Figure 2: Effect of DCA on total glutathione. Cells were exposed to 0, 8, 16, and 24 mM DCA. Measurements of total glutathione at 8, 16, and 24 hr DCA exposure were pooled and that average value normalized to baseline glutathione levels (0 mM DCA) and the mean ± S.D. is shown. . Bars with no shared superscripts are significantly different ().

Superoxide dismutase (SOD) and catalase (CAT) function in an antioxidant pathway that detoxifies superoxide anion to molecular oxygen and water. The duration of exposure to DCA (0–24 hr) did not have an effect on this metric and no duration: concentration interaction effect was seen. However, SOD activity increases as the DCA treatment concentration rises (Figure 3). Treatment of L2 cells with DCA concentrations of 16 mM and 24 mM resulted in the increase of SOD activity by 9 and 11%, respectively, over the corresponding control ().

Figure 3: Effect of DCA on L2 cell SOD activity. Cells were exposed to DCA at concentrations of 0, 8, 16, and 24 mM. SOD activity at 8, 16, and 24 hr DCA exposure was pooled and that average value normalized to baseline SOD levels (0 mM DCA) and mean ± S.D. is shown. = 33–36. Columns with no shared superscripts are significantly different ().

CAT activity changes in response to DCA treatment are similar to those seen for SOD activity. Again, length of exposure did not affect the level of CAT activity and no significant interaction effect was seen between concentration and length of exposure. However, DCA concentration alone has a significant effect on CAT activity with 16 mM and 24 mM DCA treatments significantly increasing CAT activity (12 and 26%) as compared to the control treatments (Figure 4, ).

Figure 4: Effect of DCA on L2 cell CAT activity. Cells were exposed to DCA at concentrations of 0, 8, 16, and 24 mM. CAT activity at 8, 16, and 24 hr DCA exposure was pooled and that average value normalized to baseline CAT levels (0 mM DCA) and mean ± S.D. is shown. = 20–24. Columns with no shared superscripts are significantly different ().

4. Discussion

Previous studies have found DCA to be hepatotoxic, hepatocarcinogenic, damaging to macrophage cells, and capable of inducing peripheral neuropathy in vivo [2131, 33]. This study extends our understanding to a novel cell type, lung cells, and illustrates that DCA has a significant, negative effect on rat alveolar type II (L2) cells.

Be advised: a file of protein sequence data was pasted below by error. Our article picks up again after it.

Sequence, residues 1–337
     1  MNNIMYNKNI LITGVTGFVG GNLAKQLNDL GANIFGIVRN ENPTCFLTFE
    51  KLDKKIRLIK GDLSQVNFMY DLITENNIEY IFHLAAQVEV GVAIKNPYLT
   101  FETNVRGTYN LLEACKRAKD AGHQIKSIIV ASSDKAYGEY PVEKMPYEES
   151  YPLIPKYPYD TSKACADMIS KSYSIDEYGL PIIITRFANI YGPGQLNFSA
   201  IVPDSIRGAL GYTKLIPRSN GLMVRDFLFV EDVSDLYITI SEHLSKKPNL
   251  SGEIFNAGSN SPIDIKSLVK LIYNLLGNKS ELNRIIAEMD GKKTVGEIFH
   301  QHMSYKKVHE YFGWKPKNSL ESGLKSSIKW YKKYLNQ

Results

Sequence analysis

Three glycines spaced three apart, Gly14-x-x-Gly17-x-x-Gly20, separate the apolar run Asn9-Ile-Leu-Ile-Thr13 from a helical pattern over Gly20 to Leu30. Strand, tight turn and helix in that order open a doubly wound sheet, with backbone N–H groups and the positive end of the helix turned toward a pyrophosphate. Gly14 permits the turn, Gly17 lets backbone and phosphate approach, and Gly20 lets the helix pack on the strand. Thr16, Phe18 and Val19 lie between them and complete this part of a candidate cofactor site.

L2 cells show a distinct pattern of DCA sensitivity. Both the level and the duration of DCA exposure decrease L2 cell viability, with statistical analysis revealing a significant cross effect between the variables. This places L2 cell’s 16 mM DCA threshold sensitivity between those reported for CHO cultures (2.0 mM DCA [35]) and J774A.1 macrophages (24 mM [31]).

Glutathione is known to be a component of lung, and particularly alveolar, antioxidant defense system [14, 36, 37]. Macrophages challenged with 24 mM DCA for 24–60 hr demonstrate time-dependent decreases in total glutathione [31]. By comparison, 0–24 hr DCA exposures caused no changes in L2 cell’s total glutathione levels. Initially, statistical analysis revealed a significant glutathione decrease in L2 cells exposed to 16 mM or 24 mM DCA. However, the statistical correlation between decreases in cell viability and total glutathione accounts for 73% of the decrease in the antioxidant seen at exposures ≥8 mM. The small difference that remains is not significant. Therefore, while 24 mM DCA affects glutathione levels in macrophages, the conditions tested do not alter glutathione levels in a second component of alveoli, L2 cells.